Calling all basketball fanatics, it’s that time of the year once again. College students, alumni, rowdy student sections… bragging rights are on the line in the nation’s most popular bracket tournament. As the matchups of this year’s NCAA tournament were just released, there’s nothing more to wait for.
But what would March be without the madness? Yes, we can’t wait to hear about the upsets and busted brackets as teams placed in higher seeds get knocked off by significantly lower seeds. This goes with “no name” schools to the big powerhouse schools that everyone expects to advance. But it’s almost impossible to finish with a perfect bracket. The Big Dance is full of too much madness.
I could be the first to tell you that, as a student, for everything your school has worked hard for, it doesn’t feel good to lose a game to a lower seed. My San Diego State Aztecs lost to the No. 15 seed Florida Gulf Coast University (FGCU) in the round of 32 last year. That night, I laid my head down in disappointment, wondering like most of the country, “Who is FGCU?”
From low seeds to the unpopular “no name” schools, each year there are always some that make a run in this Big Dance. After seeing all of the teams participating in this year’s tournament, I took my best guess to come up with a list of five schools with low seeds who could possibly make a run to be this year’s Cinderella.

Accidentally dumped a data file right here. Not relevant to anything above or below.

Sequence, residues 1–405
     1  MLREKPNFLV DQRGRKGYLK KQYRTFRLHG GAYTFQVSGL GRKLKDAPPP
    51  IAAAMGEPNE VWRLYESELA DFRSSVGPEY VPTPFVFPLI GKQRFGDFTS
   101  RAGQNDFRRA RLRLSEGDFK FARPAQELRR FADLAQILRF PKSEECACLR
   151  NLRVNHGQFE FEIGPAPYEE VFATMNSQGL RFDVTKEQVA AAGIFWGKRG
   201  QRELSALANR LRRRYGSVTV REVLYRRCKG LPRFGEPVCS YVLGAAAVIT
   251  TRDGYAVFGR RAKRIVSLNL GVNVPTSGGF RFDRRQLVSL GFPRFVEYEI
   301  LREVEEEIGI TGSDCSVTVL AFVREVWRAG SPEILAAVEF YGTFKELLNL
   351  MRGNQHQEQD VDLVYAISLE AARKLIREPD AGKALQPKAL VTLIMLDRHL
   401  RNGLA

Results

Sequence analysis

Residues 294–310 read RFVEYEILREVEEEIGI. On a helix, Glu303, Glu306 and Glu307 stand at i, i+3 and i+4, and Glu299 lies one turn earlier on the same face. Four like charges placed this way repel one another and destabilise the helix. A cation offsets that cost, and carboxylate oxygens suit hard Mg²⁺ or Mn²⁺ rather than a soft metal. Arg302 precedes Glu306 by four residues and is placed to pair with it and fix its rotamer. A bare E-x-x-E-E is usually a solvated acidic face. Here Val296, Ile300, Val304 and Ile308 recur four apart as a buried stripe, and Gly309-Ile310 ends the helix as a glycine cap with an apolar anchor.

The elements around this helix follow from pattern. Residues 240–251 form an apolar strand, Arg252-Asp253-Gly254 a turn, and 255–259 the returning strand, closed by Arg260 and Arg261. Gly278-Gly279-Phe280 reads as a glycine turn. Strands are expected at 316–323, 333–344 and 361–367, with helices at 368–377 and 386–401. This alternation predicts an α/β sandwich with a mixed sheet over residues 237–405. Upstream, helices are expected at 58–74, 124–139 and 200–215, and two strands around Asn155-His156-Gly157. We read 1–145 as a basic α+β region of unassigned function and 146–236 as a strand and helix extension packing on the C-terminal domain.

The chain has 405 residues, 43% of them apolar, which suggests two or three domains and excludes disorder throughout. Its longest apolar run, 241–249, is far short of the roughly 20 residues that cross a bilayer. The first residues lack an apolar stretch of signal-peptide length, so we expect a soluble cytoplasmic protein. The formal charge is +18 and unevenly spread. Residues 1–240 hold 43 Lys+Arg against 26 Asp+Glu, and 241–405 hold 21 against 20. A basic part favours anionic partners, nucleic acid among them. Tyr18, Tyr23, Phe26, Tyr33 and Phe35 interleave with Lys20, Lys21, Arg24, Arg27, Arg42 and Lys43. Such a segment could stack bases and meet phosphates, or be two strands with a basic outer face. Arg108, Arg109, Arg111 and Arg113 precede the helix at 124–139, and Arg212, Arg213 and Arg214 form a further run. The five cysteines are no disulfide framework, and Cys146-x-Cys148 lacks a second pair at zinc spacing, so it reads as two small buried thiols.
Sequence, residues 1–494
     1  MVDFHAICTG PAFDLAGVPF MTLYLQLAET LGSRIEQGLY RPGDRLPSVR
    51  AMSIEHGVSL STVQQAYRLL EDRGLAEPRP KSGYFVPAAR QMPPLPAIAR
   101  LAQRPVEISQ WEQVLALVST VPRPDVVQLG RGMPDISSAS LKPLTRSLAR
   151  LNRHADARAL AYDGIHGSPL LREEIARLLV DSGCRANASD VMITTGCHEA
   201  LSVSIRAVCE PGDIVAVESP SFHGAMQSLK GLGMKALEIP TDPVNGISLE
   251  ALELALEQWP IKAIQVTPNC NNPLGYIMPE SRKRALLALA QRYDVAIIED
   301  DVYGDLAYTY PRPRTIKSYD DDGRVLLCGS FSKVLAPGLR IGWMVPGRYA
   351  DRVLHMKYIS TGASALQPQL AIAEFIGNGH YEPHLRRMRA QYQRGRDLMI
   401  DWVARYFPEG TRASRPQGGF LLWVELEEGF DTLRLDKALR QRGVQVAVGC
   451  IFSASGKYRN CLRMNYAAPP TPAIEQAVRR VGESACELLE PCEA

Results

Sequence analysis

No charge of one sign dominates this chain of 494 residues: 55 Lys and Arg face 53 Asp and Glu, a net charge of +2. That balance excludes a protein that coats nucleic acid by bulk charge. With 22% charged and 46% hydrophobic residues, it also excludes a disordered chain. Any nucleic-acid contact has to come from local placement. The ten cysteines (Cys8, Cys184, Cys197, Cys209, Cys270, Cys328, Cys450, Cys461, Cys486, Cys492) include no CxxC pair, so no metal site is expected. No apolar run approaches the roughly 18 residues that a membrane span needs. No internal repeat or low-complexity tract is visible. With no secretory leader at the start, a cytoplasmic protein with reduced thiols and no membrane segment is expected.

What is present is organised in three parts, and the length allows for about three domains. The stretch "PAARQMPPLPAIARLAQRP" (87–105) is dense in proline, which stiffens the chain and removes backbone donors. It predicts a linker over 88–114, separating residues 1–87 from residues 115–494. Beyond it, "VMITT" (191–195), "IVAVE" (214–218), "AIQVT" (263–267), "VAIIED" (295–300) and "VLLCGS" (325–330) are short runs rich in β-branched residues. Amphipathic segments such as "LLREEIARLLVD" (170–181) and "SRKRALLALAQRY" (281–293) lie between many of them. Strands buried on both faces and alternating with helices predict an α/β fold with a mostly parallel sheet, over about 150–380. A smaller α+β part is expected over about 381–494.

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1. Stephen F. Austin
Who is Stephen F. Austin? The school name doesn’t sound too intimidating when comparing them to other college basketball teams. But if there’s going to be a true Cinderella story in this tournament, it’s got to be these Lumberjacks out of the Southland Conference. Playing in a conference of schools not known for basketball, S.F Austin will be playing with nothing to lose. They can put an end to some of these critics showing that smaller schools can compete too by making a run in this year’s NCAA tournament.
But they’ll have a challenge playing VCU in their first round matchup, a team with their Cinderella history. They have an impressive 31-2 overall record being a small school out of Nacogdoches, Texas, and received enough votes to nearly crack the top 25 rankings towards the end of this season. Going in with a “nothing to lose” attitude can potentially be dangerous for opponents, and the Lumberjacks will certainly have that.
The name Harvard doesn’t sound intimidating at all when it comes to student athletics. But don’t be fooled, the Crimson can definitely play. In 2011, Harvard has made its basketball presence known in March by receiving a bid to the NIT, but in 2012, they made the NCAA tournament for the first time since 1946 and made the Big Dance again last year. Last year, Harvard won their first NCAA tournament game as a No. 14 seed, upsetting No. 3-seeded New Mexico. No one saw that coming. This year, they’re a No. 12 seed and will have a tough task against No. 5-seeded Cincinnati from the AAC.
Their recent March Madness appearances speaks for themselves as a rising hoops program from the Ivy League. After reaching the round of 32 last year, teams should fear and respect the Crimson as a hungry and determined team looking to make a run. Since arriving in 2007, you can see that head coach Tommy Amaker has really changed the culture of Harvard basketball.